Behind the museum’s fine walls you will find historical picture exhibitions, based on Tanga’s historic buildings. You will get an insight into the city’s architecture as well as Tanga’s heart child, the sisal industry. Ideas for new exhibitions are constantly being considered, so that the museum is constantly evolving.
Just 8 kilometers north of Tanga, you will find East Africa’s most extensive limestone caves. The caves are traced back to the geological period Jura, which is about 150 million years back in time. The area with the limestone caves spreads over 234 km2, where ten caves have their place. However, only one of these is used for guided tours.
In 1892, the area of the caves was taken over by the company Amboni Limited, from which the name derives. The company dealt in its time with sisal plantations. After the British took over Tanga in 1914, the company even informed the British powers about the caves. Thereafter, the limestone caves were declared protected in 1922. Following Tanganyika’s declaration of independence, the caves were handed over to The Department of Antiquities in 1963.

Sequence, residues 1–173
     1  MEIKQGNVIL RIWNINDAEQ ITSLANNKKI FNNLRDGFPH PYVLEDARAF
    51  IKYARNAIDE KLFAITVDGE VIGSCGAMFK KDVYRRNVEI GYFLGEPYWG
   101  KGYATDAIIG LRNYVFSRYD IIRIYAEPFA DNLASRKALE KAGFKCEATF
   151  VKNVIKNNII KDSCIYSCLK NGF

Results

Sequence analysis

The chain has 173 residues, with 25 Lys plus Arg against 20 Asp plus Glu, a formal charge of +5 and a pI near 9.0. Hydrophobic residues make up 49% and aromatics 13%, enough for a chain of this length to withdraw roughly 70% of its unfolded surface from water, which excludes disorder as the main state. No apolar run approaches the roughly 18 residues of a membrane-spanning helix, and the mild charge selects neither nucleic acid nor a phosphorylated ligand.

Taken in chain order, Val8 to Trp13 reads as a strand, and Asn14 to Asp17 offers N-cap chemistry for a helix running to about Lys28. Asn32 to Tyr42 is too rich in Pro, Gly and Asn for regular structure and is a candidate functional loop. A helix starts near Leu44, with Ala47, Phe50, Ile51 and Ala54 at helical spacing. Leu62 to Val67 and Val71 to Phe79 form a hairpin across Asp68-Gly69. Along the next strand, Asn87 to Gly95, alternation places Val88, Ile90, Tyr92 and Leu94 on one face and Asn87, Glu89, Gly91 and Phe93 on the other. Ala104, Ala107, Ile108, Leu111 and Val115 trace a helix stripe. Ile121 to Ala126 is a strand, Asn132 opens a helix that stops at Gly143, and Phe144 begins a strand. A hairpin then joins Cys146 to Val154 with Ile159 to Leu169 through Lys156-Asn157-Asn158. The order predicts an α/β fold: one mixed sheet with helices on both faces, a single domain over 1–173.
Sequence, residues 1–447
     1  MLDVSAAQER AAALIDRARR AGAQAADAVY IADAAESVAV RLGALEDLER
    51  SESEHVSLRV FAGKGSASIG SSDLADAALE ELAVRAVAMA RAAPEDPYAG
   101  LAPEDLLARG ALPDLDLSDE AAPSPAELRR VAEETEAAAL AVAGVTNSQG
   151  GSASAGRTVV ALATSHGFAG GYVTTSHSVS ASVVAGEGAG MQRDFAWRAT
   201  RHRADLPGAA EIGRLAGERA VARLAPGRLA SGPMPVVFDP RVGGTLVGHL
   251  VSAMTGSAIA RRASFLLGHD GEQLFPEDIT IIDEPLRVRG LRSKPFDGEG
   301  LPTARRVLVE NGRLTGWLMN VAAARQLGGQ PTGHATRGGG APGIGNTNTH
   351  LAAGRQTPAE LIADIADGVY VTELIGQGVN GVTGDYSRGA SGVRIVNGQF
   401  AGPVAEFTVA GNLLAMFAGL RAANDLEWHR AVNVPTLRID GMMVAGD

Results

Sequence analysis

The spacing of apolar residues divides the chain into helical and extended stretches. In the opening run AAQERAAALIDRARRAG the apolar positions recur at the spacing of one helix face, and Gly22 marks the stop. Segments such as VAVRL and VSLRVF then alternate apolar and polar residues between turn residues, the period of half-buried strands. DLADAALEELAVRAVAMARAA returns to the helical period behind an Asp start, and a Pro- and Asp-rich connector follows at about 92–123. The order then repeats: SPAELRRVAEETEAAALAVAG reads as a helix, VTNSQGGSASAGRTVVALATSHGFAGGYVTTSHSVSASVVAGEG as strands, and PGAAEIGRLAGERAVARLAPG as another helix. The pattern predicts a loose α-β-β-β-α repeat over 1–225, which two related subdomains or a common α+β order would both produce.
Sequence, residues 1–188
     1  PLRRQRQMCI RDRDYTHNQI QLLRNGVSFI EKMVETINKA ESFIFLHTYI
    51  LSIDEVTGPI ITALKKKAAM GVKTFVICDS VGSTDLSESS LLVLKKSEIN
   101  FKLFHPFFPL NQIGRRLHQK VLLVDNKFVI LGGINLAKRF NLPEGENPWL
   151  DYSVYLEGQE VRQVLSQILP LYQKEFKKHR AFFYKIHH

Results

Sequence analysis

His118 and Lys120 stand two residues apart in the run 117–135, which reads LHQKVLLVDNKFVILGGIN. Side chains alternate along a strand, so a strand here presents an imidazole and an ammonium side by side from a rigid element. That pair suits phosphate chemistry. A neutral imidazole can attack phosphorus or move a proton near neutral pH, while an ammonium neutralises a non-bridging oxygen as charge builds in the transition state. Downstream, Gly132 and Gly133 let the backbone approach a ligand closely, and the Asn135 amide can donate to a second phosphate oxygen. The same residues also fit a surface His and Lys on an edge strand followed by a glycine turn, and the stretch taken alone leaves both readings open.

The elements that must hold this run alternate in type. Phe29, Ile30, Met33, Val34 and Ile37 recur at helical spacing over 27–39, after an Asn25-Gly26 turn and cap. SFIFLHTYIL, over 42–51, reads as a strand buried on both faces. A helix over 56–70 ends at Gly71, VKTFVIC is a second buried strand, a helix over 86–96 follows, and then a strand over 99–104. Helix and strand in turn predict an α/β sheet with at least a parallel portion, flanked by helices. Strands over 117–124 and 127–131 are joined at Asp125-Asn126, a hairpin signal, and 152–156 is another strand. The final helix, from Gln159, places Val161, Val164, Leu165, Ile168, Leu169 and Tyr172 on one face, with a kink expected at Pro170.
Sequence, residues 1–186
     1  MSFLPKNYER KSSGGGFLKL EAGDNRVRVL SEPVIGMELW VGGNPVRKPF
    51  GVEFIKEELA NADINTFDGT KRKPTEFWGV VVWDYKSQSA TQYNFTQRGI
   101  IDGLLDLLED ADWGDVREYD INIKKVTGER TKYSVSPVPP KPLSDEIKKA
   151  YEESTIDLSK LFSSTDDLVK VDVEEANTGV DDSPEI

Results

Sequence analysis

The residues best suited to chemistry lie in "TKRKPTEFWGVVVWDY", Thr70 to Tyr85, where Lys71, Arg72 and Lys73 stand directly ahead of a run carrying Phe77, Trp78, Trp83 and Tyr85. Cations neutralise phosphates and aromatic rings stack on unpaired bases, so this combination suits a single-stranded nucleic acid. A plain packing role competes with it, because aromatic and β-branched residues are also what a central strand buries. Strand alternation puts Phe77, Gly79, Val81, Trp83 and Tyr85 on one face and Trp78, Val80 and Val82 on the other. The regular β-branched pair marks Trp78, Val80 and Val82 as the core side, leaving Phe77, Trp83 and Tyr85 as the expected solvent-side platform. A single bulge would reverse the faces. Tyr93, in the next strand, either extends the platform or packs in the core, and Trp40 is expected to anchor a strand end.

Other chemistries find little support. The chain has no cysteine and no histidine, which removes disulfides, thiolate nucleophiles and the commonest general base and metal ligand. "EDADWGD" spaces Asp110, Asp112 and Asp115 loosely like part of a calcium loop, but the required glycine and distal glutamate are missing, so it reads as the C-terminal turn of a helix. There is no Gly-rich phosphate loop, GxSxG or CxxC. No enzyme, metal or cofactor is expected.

It is not known for sure what the caves have been used for in the past, but it does suggest that ethnic groups such as Segeju, Sambaa, Bondei and Digo used the caves to store beans. These tribes all stayed close to the caves before.
Inside the caves you can find stones that have later been designed as, among other things, a sofa, a ship, a crocodile and even as a map of Africa. The very goddess of liberty carved in stone also has homes in the caves.
Galanos hot springs